Yokota keeps the mission in sight

News
Seina Karr, 12, daughter of Tech Sgt. Ryan Karr, 374th Civil Engineer Squadron, looks through a Nidek RT-5100 Refractor to be checked for a prescription for glasses at Yokota Air Base, Japan, April 26, 2016. Yokota members are able to receive glasses prescription update, refractive eye surgery and gas mask inserts from the clinic.
Seina Karr, 12, daughter of Tech Sgt. Ryan Karr, 374th Civil Engineer Squadron, looks through a Nidek RT-5100 Refractor to be checked for a prescription for glasses at Yokota Air Base, Japan, April 26, 2016. Yokota members are able to receive glasses prescription update, refractive eye surgery and gas mask inserts from the clinic.

Yokota keeps the mission in sight

by: Story and photo by: Senior Airman David Owsianka, 374th Airlift Wing Public Affairs | .
Stripes Japan | .
published: May 05, 2016
YOKOTA AIR BASE, Japan -- If you have blurry vision, problems with depth perception or an injured eye there is an office that meets your needs to fix all of these problems. The 374th Aerospace Medicine Squadron Optometry Clinic treats visual needs for service members, Department of Defense employees and their dependents.
 
The clinic takes care of the treatment for vision and ocular disorders and provides diagnostic needs for approximately 5,000 personnel annually. They also administer basic eye care, contact lens fitting and extensive disease care.
 
"If a pilots vision is not taken care of, they may struggle when it comes to flying a plane, and if personnel cannot properly see downrange, they may not be able to effectively fire their weapons," said Tech. Sgt. Jonghwan Kim, 374 AMS optometry clinic NCO in charge. "We take care of the overall health care for base personnel's eyes to ensure they can safely perform their jobs."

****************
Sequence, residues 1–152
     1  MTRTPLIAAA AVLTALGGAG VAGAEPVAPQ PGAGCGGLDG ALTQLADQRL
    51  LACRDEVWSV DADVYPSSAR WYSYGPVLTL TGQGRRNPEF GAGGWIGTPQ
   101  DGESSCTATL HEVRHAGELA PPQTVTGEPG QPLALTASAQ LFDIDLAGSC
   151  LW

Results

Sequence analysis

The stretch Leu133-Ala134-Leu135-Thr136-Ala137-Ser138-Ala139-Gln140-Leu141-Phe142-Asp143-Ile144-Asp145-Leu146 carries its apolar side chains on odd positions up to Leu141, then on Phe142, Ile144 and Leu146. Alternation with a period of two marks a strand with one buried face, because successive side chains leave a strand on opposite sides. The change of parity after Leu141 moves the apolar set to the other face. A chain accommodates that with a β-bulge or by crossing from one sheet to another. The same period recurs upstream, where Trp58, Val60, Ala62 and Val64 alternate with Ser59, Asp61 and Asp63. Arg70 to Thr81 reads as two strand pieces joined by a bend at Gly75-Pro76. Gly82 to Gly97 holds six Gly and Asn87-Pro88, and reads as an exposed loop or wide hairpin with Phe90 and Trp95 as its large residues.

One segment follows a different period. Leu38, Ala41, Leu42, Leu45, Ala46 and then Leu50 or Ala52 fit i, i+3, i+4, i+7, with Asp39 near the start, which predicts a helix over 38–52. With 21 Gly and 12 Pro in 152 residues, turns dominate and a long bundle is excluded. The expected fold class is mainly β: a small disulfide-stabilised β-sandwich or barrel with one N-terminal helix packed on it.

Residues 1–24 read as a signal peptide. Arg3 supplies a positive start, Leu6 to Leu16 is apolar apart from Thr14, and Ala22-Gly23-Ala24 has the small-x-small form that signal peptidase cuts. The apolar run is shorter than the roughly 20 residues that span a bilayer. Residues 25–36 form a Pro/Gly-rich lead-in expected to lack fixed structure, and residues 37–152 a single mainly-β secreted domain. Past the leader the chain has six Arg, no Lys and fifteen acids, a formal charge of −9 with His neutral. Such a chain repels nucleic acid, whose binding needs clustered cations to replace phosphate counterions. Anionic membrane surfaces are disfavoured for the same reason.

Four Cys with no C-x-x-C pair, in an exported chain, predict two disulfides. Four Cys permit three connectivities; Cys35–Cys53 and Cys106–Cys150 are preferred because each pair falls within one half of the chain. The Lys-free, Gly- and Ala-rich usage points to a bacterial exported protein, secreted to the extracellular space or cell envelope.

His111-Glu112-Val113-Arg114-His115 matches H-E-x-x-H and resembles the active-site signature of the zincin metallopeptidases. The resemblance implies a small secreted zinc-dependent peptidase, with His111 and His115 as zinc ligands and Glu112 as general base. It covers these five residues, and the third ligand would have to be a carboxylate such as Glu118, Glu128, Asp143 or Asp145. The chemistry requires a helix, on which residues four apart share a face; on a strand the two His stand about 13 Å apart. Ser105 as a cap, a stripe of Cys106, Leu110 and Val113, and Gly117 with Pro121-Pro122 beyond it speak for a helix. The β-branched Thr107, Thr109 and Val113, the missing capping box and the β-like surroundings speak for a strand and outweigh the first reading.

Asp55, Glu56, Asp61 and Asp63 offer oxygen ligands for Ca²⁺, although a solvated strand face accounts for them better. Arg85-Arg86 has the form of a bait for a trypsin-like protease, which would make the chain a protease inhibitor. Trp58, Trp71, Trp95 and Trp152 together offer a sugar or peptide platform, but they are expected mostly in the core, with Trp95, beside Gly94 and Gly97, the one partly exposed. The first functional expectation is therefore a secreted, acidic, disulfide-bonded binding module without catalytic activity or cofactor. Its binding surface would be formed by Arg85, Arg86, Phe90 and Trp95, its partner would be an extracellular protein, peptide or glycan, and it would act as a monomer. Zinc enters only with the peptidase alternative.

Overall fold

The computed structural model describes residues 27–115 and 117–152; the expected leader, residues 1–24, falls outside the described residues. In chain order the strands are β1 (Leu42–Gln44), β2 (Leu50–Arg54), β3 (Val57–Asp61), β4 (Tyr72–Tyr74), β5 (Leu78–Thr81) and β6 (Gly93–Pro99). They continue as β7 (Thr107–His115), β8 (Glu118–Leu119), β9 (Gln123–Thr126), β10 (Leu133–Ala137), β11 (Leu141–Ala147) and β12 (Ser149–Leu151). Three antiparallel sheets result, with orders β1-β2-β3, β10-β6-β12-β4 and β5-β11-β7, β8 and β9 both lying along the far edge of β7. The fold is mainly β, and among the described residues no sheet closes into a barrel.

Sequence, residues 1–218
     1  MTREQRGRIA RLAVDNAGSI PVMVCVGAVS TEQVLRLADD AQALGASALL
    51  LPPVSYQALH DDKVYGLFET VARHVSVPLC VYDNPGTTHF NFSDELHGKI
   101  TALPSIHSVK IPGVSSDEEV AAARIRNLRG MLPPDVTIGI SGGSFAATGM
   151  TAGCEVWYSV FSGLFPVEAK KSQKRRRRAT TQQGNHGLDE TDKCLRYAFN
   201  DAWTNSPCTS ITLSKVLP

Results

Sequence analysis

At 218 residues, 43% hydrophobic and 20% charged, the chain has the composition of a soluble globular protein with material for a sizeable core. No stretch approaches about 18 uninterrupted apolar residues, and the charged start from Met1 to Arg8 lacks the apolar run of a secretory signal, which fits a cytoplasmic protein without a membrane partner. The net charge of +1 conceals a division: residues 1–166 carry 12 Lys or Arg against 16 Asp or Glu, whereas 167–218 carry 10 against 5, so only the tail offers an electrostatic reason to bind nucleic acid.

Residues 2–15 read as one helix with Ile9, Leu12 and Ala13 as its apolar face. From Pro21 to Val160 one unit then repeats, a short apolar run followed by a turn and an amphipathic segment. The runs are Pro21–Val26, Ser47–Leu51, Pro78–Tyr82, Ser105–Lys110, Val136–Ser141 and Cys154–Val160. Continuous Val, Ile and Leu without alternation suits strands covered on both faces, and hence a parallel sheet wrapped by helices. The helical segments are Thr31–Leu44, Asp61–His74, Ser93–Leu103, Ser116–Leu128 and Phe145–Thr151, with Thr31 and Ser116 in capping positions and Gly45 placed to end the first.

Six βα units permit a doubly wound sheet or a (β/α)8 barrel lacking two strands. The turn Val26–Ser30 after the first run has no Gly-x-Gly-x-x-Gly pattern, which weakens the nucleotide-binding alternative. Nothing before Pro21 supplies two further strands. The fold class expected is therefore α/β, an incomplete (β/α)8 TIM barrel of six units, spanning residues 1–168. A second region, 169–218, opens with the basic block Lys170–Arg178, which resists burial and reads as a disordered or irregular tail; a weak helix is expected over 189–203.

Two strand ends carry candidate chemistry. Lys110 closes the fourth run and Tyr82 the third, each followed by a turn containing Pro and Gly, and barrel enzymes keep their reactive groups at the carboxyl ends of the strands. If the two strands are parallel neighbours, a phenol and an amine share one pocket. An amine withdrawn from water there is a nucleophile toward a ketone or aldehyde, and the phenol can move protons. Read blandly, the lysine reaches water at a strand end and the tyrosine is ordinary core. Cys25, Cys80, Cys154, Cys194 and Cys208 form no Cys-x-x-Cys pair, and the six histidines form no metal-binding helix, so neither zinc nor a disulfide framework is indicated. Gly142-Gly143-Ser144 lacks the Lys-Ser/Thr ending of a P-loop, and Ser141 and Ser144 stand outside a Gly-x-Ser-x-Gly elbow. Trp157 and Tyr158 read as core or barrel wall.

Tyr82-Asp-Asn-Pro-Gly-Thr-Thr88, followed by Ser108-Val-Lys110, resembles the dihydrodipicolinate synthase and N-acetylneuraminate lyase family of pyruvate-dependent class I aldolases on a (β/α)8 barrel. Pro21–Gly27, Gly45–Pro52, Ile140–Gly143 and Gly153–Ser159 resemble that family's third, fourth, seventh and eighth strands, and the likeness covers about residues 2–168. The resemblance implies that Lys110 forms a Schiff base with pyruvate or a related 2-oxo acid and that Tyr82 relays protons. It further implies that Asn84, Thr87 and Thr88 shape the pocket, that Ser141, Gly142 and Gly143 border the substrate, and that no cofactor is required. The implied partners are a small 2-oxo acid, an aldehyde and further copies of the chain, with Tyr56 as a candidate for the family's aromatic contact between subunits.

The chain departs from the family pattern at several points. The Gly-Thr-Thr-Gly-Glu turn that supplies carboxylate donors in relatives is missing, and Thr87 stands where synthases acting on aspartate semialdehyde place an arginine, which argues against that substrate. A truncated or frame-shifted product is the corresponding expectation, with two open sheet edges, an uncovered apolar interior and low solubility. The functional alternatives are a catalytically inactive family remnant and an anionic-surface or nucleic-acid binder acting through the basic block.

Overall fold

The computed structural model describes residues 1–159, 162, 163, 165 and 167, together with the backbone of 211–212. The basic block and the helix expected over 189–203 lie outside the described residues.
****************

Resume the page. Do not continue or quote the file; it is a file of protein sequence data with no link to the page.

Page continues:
Optometry patients will begin their eye examination with technicians performing initial inspections to provide the doctor with the necessary information to give a proper examination. Once the doctor is done, the technicians will receive a prescription to order the necessary items for the patient.
 
Having an optometry clinic on base allows service members and their dependents to have easier access to a facility to have their eyes taken care of.
 
"While being in another country, it would be difficult for personnel to go off base and visit a Japanese clinic because most will be unable to speak the same language," said Michelle Durham, Red Cross volunteer optometrist. "If we were not here, a lot of people probably would not have their vision needs met and that would keep them from successfully completing their jobs."
 
Service members, dependents and DoD employees may call the clinic during normal duty hours, 7:30 to 11 a.m. and 12:30 to 4:30 p.m. or go to urgent care after duty hours.
Tags: Yokota Air Base, News
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